Cook said he was interested in the timing because he feels bad for the candidates who have applied, only to find out that there’s some discourse among the two cities and that they’re looking at alternative police protection services.

“And that has nothing to do with the sheriff’s department, at all,” he expressed, adding that the ICSO was asked to provide something, they did just that and he appreciates their response.

Mayor Pro Tem Brian McMurray asked if there is a driving force which makes this a good idea, from a county perspective, and if it is something that the ICSO thinks could be optimized to a level where there is a substantial cost savings for the same type of service.

Iosco County Jail Administrator, Captain Scott Frank, said he thinks that it would. A contract with the ICSO would mean that the TPA wouldn’t have the building costs it currently does, it wouldn’t be paying for a chief and it wouldn’t have to cover administration or clerical expenses.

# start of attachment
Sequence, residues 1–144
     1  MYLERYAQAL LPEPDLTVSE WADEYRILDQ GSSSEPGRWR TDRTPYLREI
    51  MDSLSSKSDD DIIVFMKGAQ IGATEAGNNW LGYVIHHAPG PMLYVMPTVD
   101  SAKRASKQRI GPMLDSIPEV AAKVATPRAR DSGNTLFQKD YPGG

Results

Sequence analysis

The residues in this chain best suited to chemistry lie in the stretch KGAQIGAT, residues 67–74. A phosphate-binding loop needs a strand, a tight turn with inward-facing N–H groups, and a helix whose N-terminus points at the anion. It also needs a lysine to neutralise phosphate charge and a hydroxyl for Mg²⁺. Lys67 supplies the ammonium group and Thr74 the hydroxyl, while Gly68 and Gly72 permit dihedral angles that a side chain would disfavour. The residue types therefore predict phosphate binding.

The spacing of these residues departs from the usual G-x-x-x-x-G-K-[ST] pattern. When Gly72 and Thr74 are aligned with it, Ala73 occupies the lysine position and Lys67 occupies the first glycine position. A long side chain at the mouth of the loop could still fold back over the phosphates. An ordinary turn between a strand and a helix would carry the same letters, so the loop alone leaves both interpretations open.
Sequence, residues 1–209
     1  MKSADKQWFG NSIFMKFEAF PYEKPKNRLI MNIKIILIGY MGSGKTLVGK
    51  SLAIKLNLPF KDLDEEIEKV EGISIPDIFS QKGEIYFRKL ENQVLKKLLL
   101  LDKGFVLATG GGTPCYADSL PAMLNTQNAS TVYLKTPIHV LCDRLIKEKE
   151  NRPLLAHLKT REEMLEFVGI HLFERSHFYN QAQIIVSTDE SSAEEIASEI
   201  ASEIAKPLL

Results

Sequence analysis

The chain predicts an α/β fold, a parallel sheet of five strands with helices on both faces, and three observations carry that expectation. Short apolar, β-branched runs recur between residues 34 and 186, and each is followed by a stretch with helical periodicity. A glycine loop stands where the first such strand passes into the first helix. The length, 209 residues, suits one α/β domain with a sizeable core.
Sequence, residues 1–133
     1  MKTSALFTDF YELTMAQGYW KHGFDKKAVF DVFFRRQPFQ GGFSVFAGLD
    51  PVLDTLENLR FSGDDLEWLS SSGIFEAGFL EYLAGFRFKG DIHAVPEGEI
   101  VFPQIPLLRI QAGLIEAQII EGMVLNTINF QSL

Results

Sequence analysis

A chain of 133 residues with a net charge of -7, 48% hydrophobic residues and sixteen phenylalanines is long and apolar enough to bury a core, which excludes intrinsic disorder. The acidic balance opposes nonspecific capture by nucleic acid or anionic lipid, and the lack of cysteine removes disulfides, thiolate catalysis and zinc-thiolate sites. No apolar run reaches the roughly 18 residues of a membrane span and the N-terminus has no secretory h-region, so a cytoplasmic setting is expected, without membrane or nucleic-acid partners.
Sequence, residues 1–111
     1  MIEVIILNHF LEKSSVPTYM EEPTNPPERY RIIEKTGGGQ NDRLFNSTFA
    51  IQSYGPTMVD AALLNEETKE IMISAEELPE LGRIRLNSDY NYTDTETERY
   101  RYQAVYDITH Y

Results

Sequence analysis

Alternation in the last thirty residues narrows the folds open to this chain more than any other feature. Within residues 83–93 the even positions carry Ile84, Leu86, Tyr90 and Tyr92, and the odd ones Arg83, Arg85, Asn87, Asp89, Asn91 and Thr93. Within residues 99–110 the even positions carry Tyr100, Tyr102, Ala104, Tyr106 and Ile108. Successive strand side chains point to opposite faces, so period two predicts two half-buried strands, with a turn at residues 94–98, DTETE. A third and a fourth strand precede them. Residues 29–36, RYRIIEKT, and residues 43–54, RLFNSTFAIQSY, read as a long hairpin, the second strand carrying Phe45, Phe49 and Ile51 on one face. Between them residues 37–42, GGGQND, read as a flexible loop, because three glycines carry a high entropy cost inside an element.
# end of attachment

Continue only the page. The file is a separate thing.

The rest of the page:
“So, basically, your money would go directly towards officers on the road,” Frank said, adding that he thinks this would result in a substantial increase in the hours of actual patrol.

He also pointed out that the figures in the proposal are for deputies on the road, and that nothing would be taken from these wages to pay for the clerical staff or administration.

Cook said that the council was given a contract example between the Bay County Sheriff’s Department and the various municipalities it serves.

MacGregor said that this department contracts with several communities for police services, and the ICSO pulled some of their ideas from these contracts. While this is a fairly new concept for Iosco County, contracting for police services is common.